Ibn Chambas identifies democracy, development as key to stable nation

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Chambas

By Anayo Ezugwu

DEMOCRACY, politics, leadership, and development have been identified as key tenets of a peaceful and stable country, region, and continent. Mohamed Ibn Chambas, special representative, United Nations Secretary-General and head, United Nations Office for West Africa and the Sahel, UNOWAS, said when all these are positively deployed, they lay the solid foundations for security, prosperity and human development.

While delivering a paper titled: “Democracy, Politics, Leadership and the Development of Ghana and Africa” on Wednesday, May 27 in Accra at the Ishmael Yamson and Associates Businesses Roundtable, Chambas said democratic evolution in Ghana mirrors that of West Africa and the continent. He said Ghanaians would not forget the instability associated with the chequered history of military coup d’états and military rule in the sixties and decades after.

He noted that people will not easily forget the banning of newspapers, detention of journalists and political opponents. He said at one stage, only Senegal and Cape Verde had not experienced a military regime. “West Africa was a region known for political instability, which many analysts have explained as the source of its economic and social stagnation and regression over the decades.

“However, in the nineties, the clamour for freedom and social justice could no longer be contained because the population and particularly civil society organisations and political actors were more determined and relentless in their pursuit for change.

“We began experiencing widespread constitutional and institutional reforms, open and consensual political processes, the advent of multipartism, the holding of elections, increase of the civic space and enjoyment of fundamental freedoms, more participatory governance with increased checks and balances and a significant improvement in macro-economic indicators. The change generated excitement and nursed aspirations, especially for the youth. But questions have arisen as to whether we are experiencing democratic dividend all over Africa.

“In a number of African countries, constitutions have remained the “groundnorm” which regulates all other spheres of life underpinned by the principles of separation of powers, checks and balances. Multiparty politics is a reality with parties competing for political prizes. The holding of elections is now predictable and leads to the peaceful transfer of power,” he said.

According to Chambas, prior to the pandemic, Ghana’s growth rate was one of the highest in the region. He said Ghana was among the fastest growing economies in the world prior to the pandemic.

He attributed the changes to institutional reforms, which led to the creation of key entities such as the Electoral Commission, EC, Commission on Human Rights and Administrative Justice, CHRAJ, National Peace Council, NPC, National Commission for Civic Education, NCCE, which ought to play an important role in preserving democracy, peace and stability in the country.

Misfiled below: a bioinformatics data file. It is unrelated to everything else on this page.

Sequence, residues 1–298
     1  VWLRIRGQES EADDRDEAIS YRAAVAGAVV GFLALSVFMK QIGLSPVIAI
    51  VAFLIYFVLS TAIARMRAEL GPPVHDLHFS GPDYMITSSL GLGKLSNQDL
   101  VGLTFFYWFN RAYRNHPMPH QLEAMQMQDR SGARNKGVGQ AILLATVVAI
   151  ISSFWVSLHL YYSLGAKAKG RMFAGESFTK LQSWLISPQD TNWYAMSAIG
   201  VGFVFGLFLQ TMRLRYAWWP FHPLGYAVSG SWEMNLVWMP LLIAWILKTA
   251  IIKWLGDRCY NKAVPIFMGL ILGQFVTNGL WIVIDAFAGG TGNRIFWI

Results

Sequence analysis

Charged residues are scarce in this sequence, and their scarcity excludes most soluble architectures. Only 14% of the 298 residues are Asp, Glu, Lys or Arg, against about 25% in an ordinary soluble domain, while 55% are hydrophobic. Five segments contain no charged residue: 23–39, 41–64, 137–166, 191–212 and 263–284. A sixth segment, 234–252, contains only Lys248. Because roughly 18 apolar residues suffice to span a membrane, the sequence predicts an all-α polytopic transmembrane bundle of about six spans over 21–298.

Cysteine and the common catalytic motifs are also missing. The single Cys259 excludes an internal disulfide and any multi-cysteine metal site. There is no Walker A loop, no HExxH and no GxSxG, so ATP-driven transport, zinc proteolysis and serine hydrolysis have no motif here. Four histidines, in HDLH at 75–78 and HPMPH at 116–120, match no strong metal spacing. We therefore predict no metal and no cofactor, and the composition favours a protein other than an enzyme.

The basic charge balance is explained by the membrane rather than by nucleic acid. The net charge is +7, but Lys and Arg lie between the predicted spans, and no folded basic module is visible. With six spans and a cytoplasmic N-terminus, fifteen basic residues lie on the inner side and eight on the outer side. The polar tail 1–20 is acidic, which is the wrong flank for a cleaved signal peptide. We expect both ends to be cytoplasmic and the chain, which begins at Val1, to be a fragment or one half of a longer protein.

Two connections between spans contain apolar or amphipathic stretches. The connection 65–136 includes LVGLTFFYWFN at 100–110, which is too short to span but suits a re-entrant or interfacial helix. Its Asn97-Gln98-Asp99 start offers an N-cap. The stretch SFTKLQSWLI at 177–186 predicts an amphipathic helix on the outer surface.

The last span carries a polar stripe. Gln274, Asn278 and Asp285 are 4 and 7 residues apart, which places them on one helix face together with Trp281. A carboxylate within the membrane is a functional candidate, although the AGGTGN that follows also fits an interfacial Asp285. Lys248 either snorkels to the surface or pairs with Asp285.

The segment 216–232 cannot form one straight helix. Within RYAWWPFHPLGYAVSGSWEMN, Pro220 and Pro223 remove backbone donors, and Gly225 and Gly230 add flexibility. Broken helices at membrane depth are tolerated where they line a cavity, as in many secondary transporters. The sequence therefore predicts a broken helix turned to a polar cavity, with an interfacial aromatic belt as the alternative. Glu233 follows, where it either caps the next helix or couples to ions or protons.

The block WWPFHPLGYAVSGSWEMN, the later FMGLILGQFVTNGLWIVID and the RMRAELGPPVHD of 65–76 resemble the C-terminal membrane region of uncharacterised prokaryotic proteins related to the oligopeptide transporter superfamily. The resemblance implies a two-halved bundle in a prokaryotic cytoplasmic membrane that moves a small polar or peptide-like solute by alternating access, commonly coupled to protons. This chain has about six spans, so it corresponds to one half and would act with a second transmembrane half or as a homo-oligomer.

“Meanwhile, in the West African region, over the past ten years, we have witnessed frequent elections and peaceful political transitions as the “coups d’état” are no longer recurrent. According to data from the Afrobarometer, a majority of people in West Africa and the Sahel still prefer a democratic system over other systems with support varying from just over 60 percent in Burkina Faso and just over 80 percent in Sierra Leone.

“Some of the region’s prolonged conflicts in Sierra Leone and Liberia ended and democratic elections brought in new and arguably more accountable governments, a prerequisite for development. Guinea-Bissau has been an exception to the overall trend of democratization in West Africa as it experienced five military coups in the past decade, and until the last elections in December 2019, no elected president had served out his full term of office.

“The practice of parties in power conceding defeat at elections is slowly gaining ground as seen in Ghana, Nigeria, Senegal and Sierra Leone. In West Africa and the Sahel, between 2015 and 2020, in 9 of the 16 countries, presidential elections have been lost either by the incumbent or the party in power with the losers congratulating the winners.”

Chambas said the increase in civic space at the domestic level has translated into organized networks of civil society organisations at the regional level. He said the West Africa Civil Society Forum, WASCOF, and the West Africa Network for Peace-building, WANEP, are some concrete examples.

“Regional integration as espoused by ECOWAS through the free movement of goods and persons is not only a force multiplier for development, but is gradually moving the aspiration of a community of nations to a community of citizens to reality. Prior to the pandemic, growth within the ECOWAS space was projected at between 5-7 percent with Nigeria, which represents 74 percent of the ECOWAS economic space becoming the largest economy in the continent.

“In fact, as far back as the early nineties, along with the changing times, ECOWAS began making considerable investments in developing frameworks essential for promoting democracy, human rights and the rule of law, peace and security. The 1991 ECOWAS Declaration of Political Principles envisioned a region governed by common values, including democratic accountability and respect for human rights,” he said.

– May 29, 2020 @ 16:29 GMT |

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